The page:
When you obtain this file your Redhat Package Manager will be able to take this file and determine all those complicated bits in order to install it properly on your system (like, where to put it, what dependencies it has, if it's a "broken package",....). The thing that sucks about these package management systems is that if you have a distro that can't make use of the .rpm you'll have to look elsewhere for that file but in a different form. I know, I know. If you have a non-redhat based distro but want to use .rpm files just install alien (at least in cases of Debian). Then you can convert the .rpm into a .deb or whatever (?). Maybe someone with more experience could correct my statement...
RPM is a basic package install/uninstall system. All modern distros have package management systems which use software repositories to automatically resolve dependencies, Suse has YAST, Mandriva has urpmi/RPMDrake, Fedora and Centos have yum. Distros which use .deb packages use apt/Synaptic and Gentoo has portage for its 'ebuild' packages. Slackware relies on the user to resolve dependencies themselves.
 
Old 10-25-2005, 03:37 AM   #22
Eerath
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If I were you, I'd use a deb distribution. Using Synaptic is much easier than faffing around with rpms. Mepis is my favourite, but Ubuntu is well worth downloading too.
 
Old 10-25-2005, 03:57 AM   #23
reddazz
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Quote:
Originally posted by Eerath
If I were you, I'd use a deb distribution. Using Synaptic is much easier than faffing around with rpms. Mepis is my favourite, but Ubuntu is well worth downloading too.
APT and Synaptic also work on RPM based distros (even on Slack based distros using *.tgz files). Also rpm based distros have their own package managers e.g. smart, yum, urpmi so there is no need to faffe around with manual installation of rpms. Debian packages can face similar problems to rpms if installed manually, so this whole debs are better than rpms thing isn't accurate.
 
Old 10-25-2005, 06:18 AM   #24
thick_guy_9
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everybody likes to help a newbie...:-)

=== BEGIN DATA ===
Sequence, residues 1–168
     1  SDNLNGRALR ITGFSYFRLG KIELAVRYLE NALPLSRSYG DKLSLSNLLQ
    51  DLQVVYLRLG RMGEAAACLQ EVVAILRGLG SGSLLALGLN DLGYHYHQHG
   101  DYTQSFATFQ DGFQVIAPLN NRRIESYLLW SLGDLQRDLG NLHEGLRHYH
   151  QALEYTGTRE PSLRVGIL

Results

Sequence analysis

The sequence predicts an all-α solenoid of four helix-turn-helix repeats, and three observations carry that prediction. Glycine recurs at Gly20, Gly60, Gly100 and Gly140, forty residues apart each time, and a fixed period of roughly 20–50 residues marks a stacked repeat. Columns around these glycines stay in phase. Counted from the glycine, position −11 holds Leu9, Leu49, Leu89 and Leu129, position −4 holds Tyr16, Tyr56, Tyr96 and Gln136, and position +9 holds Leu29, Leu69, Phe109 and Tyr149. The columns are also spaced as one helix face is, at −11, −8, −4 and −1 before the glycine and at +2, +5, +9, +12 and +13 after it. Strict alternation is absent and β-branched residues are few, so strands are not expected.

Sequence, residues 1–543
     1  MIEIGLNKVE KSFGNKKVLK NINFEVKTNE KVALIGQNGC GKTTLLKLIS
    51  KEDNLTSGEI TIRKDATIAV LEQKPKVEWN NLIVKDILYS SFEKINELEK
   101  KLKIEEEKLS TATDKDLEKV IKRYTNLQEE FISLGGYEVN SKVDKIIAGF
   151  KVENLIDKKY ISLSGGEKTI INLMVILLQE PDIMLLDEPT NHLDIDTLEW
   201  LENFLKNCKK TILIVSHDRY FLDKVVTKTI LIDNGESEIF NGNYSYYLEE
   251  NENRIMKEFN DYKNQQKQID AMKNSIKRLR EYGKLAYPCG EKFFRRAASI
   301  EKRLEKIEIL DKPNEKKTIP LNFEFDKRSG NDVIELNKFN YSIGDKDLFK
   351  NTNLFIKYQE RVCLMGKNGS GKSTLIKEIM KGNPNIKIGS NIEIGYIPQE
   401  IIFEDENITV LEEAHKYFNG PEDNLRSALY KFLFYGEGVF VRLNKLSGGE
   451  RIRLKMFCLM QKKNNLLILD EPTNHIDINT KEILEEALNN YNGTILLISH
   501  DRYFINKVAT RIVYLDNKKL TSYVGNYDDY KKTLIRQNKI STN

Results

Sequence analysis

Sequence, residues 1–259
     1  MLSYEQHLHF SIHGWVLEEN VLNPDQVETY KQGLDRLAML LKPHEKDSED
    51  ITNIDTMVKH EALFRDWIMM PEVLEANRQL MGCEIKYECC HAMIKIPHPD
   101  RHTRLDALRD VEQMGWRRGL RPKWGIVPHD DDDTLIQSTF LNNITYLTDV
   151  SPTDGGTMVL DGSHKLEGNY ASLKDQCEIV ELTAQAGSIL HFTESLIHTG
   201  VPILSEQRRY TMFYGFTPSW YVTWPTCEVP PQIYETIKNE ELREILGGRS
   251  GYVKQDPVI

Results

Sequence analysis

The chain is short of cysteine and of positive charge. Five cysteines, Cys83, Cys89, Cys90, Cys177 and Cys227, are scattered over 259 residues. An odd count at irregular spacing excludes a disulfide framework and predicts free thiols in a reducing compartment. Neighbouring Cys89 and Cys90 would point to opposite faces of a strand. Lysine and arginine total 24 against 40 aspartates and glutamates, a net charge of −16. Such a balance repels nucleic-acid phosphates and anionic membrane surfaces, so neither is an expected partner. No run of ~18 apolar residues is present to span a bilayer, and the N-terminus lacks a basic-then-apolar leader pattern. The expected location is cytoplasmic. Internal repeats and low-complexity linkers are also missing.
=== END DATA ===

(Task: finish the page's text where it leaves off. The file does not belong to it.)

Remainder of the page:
here are my 2 cents.

You can use any distro you like, but if you are a newbie, it is better for you to use a distro which has :

1. good community support
2. extensive package (or easy to make your own)
3. freedom (the GPL stuff)

Centos (or if you can afford, RHEL, but why would you want to?), SLACKWARE, Ubuntu, Debian (this is difficult) all have good community support (or you can find what you are looking for), good packages and give you the freedom to install what you like (unlike cripple-ware SuSE).

I suggest you go for Ubuntu if you have a reasonably fast machine (Athlon XP / P4) AND a broadband. Otherwise go for slackware.
 
Old 10-25-2005, 07:04 AM   #25
AntonyW
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Thumbs up

As one newbee to another Ive recently tried Mandriva and I am at present trying Fedora core 4. Both installed with no problems for me and both came free with a magazine from Linux Format. I now have almost everything running under Linux that I need and am seriously considering finally ditching Windows at long last.

AntonyW
 
Old 10-26-2005, 04:26 AM   #26
jocom
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hie again

i tried downloading fedora core 4 but it gives the wrong md5sum after downloading... anybody knows what to do?

after that i tried downloading SuSe 10.0 but my downloading speed then was only 3Kb/s
normally it is above 80Kb/s...anybody knows what to do?

i hope so...
lots of thanks

your everlasting newbie,
jocom
 
Old 10-26-2005, 04:41 AM   #27
Nylex
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Quote:
Originally posted by jocom
hie again

i tried downloading fedora core 4 but it gives the wrong md5sum after downloading... anybody knows what to do?
Download it again.
 
Old 10-26-2005, 05:28 AM   #28
jocom
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i tried to download it again but it gave the same wrong md5sum

i dont understand but i suppose it will give again the same wrong md5sum
what to do?

jocom
 
Old 10-26-2005, 05:33 AM   #29
SkyEye
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Quote:
Originally posted by jocom
hie again

i tried downloading fedora core 4 but it gives the wrong md5sum after downloading... anybody knows what to do?
Well, you could try a different download site. There are quite a lot of places who provides downloadable isos.

Quote:
Originally posted by jocom
your everlasting newbie,
jocom [/B]
So you are thinking to be a Newbie forever?

Last edited by SkyEye; 10-27-2005 at 01:17 AM.
 
Old 10-26-2005, 08:44 AM   #30
jocom
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Unhappy

Quote:
Originally posted by jocom
your everlasting newbie,
jocom [/B]
So you are thinking to be a Newbie forever? [/B][/QUOTE]

i dont hope so but im afraid i will

:S:S:S:S:S:S:S

jocom